One of the most popular TV shows of the last decade is officially preparing for its curtain call.
CBS and Warner Bros. Television confirmed today that The Big Bang Theory will end its run in May 2019 after its 12th and final season. At that point, the series will have aired 279 episodes, making it the longest-running multicamera sitcom in TV history.
In a joint statement, Warner Bros. Television, CBS and Chuck Lorre Productions said, “We are forever grateful to our fans for their support of The Big Bang Theory during the past 12 seasons. We, along with the cast, writers and crew, are extremely appreciative of the show’s success and aim to deliver a final season, and series finale, that will bring The Big Bang Theory to an epic creative close.”
Season 12 of the comedy—which stars Johnny Galecki, Jim Parsons, Kaley Cuoco, Simon Helberg, Kunal Nayyar, Mayim Bialik and Melissa Rauch—will premiere on Monday, Sept. 24, before moving to its regular Thursday time period on Sept. 27.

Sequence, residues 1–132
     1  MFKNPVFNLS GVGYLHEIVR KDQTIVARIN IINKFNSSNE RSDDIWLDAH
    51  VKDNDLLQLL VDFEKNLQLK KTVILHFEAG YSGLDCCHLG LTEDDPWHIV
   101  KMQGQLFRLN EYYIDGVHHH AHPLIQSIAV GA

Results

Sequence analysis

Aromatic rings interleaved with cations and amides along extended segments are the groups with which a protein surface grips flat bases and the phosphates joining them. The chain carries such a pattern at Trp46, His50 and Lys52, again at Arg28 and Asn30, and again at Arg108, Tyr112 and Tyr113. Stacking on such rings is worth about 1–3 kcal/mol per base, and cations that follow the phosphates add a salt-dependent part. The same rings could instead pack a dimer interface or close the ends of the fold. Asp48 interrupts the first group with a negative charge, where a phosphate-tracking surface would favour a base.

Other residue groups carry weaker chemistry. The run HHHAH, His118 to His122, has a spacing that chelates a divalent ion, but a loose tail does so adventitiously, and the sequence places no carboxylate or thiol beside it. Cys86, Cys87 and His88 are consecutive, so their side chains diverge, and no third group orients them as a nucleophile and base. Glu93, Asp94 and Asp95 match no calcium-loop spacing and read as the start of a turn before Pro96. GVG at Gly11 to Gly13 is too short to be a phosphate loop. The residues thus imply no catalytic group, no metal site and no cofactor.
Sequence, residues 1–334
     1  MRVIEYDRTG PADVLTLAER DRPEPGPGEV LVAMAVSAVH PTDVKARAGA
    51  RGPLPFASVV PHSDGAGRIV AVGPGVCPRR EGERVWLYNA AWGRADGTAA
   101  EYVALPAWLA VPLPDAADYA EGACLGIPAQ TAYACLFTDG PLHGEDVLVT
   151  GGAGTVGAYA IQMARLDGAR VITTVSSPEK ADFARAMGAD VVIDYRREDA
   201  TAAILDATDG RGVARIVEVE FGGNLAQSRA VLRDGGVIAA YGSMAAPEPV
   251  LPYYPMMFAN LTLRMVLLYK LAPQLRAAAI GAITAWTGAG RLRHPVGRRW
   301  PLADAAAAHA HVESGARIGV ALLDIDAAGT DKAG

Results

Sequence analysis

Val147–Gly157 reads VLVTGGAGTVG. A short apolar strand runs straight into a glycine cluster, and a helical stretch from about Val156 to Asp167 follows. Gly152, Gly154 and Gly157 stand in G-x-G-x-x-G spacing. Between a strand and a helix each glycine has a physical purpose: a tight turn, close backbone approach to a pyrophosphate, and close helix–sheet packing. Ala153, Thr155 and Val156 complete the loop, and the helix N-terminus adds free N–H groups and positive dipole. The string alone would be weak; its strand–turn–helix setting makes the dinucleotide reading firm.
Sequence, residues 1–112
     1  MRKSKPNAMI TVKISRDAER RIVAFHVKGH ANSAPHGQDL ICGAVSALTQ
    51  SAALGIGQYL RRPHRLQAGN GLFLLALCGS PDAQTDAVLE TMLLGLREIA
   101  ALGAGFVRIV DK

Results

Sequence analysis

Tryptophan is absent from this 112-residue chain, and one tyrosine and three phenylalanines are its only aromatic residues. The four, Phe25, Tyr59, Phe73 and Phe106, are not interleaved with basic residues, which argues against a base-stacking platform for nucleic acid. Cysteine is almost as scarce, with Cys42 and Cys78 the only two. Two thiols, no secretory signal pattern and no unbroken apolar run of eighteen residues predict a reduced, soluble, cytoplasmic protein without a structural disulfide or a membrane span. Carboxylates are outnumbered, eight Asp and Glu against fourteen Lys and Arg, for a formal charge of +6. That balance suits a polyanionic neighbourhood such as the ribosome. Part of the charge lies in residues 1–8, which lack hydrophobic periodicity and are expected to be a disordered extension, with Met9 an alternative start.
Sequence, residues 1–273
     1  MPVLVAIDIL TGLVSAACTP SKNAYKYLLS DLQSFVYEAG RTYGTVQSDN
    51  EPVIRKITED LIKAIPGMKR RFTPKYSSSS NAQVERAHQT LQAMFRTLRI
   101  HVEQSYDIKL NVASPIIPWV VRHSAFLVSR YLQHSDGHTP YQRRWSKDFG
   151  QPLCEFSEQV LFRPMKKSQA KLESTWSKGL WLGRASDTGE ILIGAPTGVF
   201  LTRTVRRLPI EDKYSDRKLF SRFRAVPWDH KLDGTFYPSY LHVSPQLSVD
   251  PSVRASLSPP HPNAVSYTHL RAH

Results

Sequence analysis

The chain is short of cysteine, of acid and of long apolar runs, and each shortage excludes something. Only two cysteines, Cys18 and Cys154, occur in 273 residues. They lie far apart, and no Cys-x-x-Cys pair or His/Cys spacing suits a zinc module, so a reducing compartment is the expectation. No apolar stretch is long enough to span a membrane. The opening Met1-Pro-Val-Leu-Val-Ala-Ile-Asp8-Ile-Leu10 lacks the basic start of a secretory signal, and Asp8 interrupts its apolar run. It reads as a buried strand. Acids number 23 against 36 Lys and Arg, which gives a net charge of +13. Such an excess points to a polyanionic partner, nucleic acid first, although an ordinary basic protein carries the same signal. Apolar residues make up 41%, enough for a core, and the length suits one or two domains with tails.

The Big Bang Theory remains one of TV’s biggest hits: It was the most-watched show during the 2017–18 season, averaging 18.8 million viewers. CBS routinely uses the juggernaut to help launch several new series each year. During the past several years when the network aired Thursday Night Football during September and October, CBS would temporarily relocate the show to Monday nights to give that lineup an early-season boost.
The show’s conclusion seems like the end of an era, as The Big Bang Theory was the last remaining hit broadcast sitcom that also drew viewers in repeats as well as in syndication, where it is one of TBS’ most-watched shows.
Just two weeks ago, CBS Entertainment president Kelly Kahl told reporters at the Television Critics Association’s summer press tour that he was optimistic the series would continue beyond Season 12.
“We don’t believe it’s the final year,” said Kahl. “We are in preliminary discussions to renew the show.”
Last year, shortly after CBS and Warner Bros. reached a two-year renewal for the show through the upcoming Season 12, executive Chuck Lorre told Adweek he thought that would be it for Big Bang—probably.
Then again, Lorre added, when the cast and crew were just five seasons into the series, “we wouldn’t have anticipated being here for year 11 and 12. So while it seems very likely that we would wrap the show at the end of 12 seasons, it would be presumptuous to say, ‘That’s definitely what’s going to happen!’”
While CBS will be without one of its most popular shows next fall, the Big Bang franchise will likely continue on the network with the prequel comedy Young Sheldon, which was an immediate hit when it debuted last year.